In 1989, the Loma Prieta earthquake significantly damaged a hospital that had served the community of Watsonville for decades. Devastated by the earthquake, the nonprofit Watsonville Community Hospital (WCH) had to be sold to a for-profit corporation. In 2022, it returned to community ownership.
Still, in 2023, the State of California found 17 at-risk hospitals, including WCH, that were in significant negative financial positions. All 17 hospitals were serving populations with heavy government-sponsored Medicare and Medi-Cal insurance. Because these insurances do not come close to covering the actual cost to care for these patients, this leads to a significant financial burden for these hospitals. Those strongly dedicated to caring for the neediest patients are unfairly sent into the weakest financial position.
The state provided in 2022 one-time loans to the “17” but did not solve the significant underpayment for the care to government-sponsored patients.
Many of the 17 hospitals continue to struggle and one, in Madera County, has closed. Why is WCH different? WCH is trending to the positive with a balanced 2024 budget and improved financial stability projected. How did it do this? A call to action by its community and workforce and the establishment of a Health Care District allowed the community to purchase WCH out of bankruptcy from its for-profit owners. Now the residents of WCH’s district, through its elected board, are in control. Positive earnings will now flow back toward improving health care to our community.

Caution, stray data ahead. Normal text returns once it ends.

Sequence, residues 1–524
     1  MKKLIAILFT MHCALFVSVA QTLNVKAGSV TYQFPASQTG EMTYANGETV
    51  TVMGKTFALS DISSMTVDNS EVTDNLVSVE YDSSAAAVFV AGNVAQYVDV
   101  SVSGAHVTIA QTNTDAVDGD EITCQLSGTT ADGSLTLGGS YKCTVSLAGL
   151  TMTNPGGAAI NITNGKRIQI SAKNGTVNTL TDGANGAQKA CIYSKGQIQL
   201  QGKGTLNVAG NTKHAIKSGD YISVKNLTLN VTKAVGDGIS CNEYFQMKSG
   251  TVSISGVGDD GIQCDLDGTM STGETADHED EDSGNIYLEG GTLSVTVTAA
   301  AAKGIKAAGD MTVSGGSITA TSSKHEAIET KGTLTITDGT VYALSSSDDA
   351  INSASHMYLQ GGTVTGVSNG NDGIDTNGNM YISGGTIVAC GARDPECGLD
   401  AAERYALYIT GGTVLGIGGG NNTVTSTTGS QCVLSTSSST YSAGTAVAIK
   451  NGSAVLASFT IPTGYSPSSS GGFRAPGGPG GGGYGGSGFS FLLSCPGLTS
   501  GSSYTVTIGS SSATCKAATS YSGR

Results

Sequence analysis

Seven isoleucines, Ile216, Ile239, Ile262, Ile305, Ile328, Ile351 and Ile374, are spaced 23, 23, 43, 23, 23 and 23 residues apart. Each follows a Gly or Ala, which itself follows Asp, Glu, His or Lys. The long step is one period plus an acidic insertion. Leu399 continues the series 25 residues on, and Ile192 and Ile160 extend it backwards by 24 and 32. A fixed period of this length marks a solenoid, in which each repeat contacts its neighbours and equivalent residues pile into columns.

Deeply committed healthcare leadership has replaced the turnover of for-profit administrators. The new leadership team provides access to superb healthcare for the entire community—the local workforce, young parents and their babies, our elders and those with disabilities. These experienced business and financial healthcare leaders are overcoming the challenges hospitals and physicians face in communities like ours. In strong partnership with the hospital workforce, they are creating sustainable quality care for the community.
To continue to ensure that WCH succeeds, we need to support Measure N. This bond measure allows WCH to improve facilities, services and infrastructure and supports its financial viability into the future. Supporting Measure N recognizes WCH’s importance to its patients and to the region’s healthcare system. To ensure that WCH, and other similar hospitals, have a sustainable model to care for the whole community, we can also inform our state and federal elected representatives of how important it is that Medicare and Medi-Cal pay California hospitals and physicians enough to cover the cost of care to these important groups of patients. Especially in Watsonville!
Let’s work together to highlight the importance of WCH and support WCH’s Measure N!
Larry de Ghetaldi, MD, is a retired Santa Cruz County physician. His opinions are his own and not necessarily those of the Pajaronian.